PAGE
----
This is a major study of the relation between poetry and politcs in sixteenth and seventeenth century English literature, focusing in particular on the works of Spenser, Shakespeare, Jonson, Milton, and Dryden.Howard Erskine-Hill argues that the major tradition of political allusion is not, as has often been argued, that of the political allegory of Dryden's Absalom and Architophel, and other overtly political poems, but rather a more shifting and less systematic practice, often involving equivocal or multiple reference.
Drawing on the revisionist trend in recent historiography, and taking issue with recent New Historicist criticism, the book offers new and thought-provoking readings offamiliar texts.
For example, Shakespeare's Histories, far from endorsing a conservative Tudor myth, are shown to examine and reject divine-right kingship in favour of a political vision of what the succession crisis of the 1590s required.
A forgotten political aspect of Hamlet is restored and ananti-Cromwellian strain is identified in Milton's Paradise Lost.
Again and again, Professor Erskine-Hill is able to show how some of the most powerful works of the period, works which in the past have been read for their aesthetic achievement and generalized wisdom, in fact contain a political component crucial to our understanding of the poem.
An awareness of the multivocality of historical exanmple and allusion distinguishes the book's interpretations of individual texts.
Times Literary Supplement
This is an important and overdue project ... a developed and sustained argument about the nature of political reference in literature that is attuned to recent developments in historiography ... These books will serve to introduce undergraduates to some of the complexities of reading literature politically; and offer literary historians a strong reading of early-modern political allusion.
The Times Higher Education Supplement
With a patient and scholarly precision whose very comprehensiveness rebuts any charge of pedantry, Erskine-Hill explores a context for the presence of a 'theatre of the world' in literature. ... in bringing the fullness of history to the literary past, Erskine-Hill's findings are both richer and more reliable. In the first of these volumes, the integration of Elizabethan history into literature brings many unexamined details to light: ... In the second volume,Erskine-Hill's examination of Samuel Johnson is masterly ... exciting books: formidably learned, wide-ranging, sure-footed, dynamic and remarkable. Disagreement is at the core of politics: while welcoming the chance for debate, this reviewer has no reservations concerning the scale of Howard Erskine-Hill'sachievement.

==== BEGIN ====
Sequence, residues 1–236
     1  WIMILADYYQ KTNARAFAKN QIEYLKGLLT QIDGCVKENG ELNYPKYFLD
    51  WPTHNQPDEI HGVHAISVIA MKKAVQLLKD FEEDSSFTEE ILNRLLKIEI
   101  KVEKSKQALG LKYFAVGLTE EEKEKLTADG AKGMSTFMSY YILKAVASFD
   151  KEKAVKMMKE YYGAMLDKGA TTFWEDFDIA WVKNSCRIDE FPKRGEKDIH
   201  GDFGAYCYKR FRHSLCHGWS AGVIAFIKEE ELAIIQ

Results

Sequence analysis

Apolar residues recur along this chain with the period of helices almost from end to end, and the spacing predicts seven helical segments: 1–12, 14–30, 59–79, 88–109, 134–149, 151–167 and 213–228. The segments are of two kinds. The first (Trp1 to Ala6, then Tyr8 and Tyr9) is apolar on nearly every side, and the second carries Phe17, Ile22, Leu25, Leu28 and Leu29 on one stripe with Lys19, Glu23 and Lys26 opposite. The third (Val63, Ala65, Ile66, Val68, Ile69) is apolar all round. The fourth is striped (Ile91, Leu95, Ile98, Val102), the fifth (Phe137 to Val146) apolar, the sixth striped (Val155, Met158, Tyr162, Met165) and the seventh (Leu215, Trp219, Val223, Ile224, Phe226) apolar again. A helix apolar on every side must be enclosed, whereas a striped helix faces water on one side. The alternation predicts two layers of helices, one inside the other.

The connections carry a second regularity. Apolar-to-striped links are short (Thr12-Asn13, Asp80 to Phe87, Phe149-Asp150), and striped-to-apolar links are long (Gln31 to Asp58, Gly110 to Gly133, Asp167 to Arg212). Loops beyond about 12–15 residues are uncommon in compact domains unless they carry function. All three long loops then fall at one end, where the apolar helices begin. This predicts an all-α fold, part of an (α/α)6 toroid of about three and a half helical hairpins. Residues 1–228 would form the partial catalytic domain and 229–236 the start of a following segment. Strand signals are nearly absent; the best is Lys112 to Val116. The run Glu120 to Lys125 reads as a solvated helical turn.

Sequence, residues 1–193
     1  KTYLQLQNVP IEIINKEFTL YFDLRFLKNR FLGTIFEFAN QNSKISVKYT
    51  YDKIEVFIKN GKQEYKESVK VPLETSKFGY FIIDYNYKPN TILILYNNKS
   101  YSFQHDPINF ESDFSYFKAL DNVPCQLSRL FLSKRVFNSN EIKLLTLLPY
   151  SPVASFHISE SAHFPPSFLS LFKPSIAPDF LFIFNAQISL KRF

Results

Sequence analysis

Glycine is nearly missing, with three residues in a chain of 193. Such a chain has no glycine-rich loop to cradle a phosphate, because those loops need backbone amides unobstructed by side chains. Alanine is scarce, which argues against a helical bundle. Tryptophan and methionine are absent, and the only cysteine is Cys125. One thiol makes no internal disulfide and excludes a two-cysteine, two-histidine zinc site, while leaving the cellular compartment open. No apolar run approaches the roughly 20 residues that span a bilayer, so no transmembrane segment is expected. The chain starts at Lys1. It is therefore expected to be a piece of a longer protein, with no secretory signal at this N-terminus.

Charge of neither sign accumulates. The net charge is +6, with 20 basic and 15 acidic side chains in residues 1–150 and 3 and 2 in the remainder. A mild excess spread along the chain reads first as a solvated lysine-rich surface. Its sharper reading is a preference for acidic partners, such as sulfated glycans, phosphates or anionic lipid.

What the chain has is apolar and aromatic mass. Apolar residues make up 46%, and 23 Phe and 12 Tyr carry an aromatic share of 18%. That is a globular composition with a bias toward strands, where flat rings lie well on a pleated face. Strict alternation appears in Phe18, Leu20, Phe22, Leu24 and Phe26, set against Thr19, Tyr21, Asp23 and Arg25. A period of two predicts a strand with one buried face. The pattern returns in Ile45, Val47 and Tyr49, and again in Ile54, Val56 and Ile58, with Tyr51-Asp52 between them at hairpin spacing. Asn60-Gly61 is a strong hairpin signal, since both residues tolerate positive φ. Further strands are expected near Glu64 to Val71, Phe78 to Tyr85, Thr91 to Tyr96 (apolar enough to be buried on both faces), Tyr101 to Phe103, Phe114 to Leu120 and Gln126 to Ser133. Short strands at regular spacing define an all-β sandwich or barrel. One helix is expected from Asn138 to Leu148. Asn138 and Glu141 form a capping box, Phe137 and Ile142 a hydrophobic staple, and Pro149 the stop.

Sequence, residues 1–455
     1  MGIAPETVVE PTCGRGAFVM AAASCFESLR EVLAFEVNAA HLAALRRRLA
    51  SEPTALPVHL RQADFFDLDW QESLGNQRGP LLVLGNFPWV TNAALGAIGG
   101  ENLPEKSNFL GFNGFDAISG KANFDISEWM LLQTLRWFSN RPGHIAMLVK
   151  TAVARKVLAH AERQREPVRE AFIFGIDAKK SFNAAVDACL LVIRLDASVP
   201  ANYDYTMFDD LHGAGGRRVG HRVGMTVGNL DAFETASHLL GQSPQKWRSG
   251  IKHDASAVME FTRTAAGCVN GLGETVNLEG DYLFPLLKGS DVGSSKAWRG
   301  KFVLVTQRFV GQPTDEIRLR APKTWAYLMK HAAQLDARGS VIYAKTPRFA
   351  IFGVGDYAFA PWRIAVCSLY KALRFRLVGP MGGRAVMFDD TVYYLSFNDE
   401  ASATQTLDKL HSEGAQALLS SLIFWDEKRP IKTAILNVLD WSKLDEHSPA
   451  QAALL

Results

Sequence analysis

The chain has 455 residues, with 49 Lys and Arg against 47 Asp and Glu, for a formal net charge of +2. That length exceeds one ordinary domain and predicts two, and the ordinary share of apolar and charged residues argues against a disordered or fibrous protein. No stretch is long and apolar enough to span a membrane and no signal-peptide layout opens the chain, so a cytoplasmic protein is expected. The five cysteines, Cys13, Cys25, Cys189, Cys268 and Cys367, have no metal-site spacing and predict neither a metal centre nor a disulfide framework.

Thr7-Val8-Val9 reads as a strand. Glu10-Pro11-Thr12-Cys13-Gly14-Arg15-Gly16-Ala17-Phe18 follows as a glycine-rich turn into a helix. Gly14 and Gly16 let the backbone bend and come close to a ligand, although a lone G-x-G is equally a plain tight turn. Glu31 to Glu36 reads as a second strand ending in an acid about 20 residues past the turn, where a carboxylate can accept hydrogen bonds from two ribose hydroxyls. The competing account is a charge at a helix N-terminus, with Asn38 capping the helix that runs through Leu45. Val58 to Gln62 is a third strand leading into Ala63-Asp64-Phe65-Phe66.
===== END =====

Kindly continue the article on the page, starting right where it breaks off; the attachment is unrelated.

Journal of the Royal Stuart Society, 1997
an important and overdue project ... These books will serve to introduce undergraduates to some of the complexities of reading literature politically; and offer literary historians a strong reading of early-modern political allusion.
Times Higher Education Supplement
has many valuable things to say ... These are also volumes of conviction. Where Professor Erskine-Hill comes into his own is his grasp of the relationship between great literature and even greater earlier literature.
Nigel Smith, Keble College, Oxford, Essays in Criticism, Vol. XLVII, No. 4
Poetry and Realms of Politics contains a bounty of information about early English political thought and political history, and with it, many interesting suggestions about political allusions in key plays and poems of this long stretch of time.
Seventeenth-Century News, Rebecca Bushnell
a brief summary can give little sense of the subtlety, intricacy, and resourcefulness of Professor Erskine-Hill's account of particular works, of the eloquence and scrupulousness of his writing, or of the learning and intellectual seriousness which is evident on every page of this distinguished and important book ... this is a book which no one seriously interested in the literature or politics of seventeenth-century England can afford to ignore ... its author'scommitment to historical contextualization is inseparable from his passionate concern with the imaginative richness and artistic value of the works which are his subject.
David Hopkins, University of Bristol, Notes and Queries, Vol. 44, No. 3, September 1997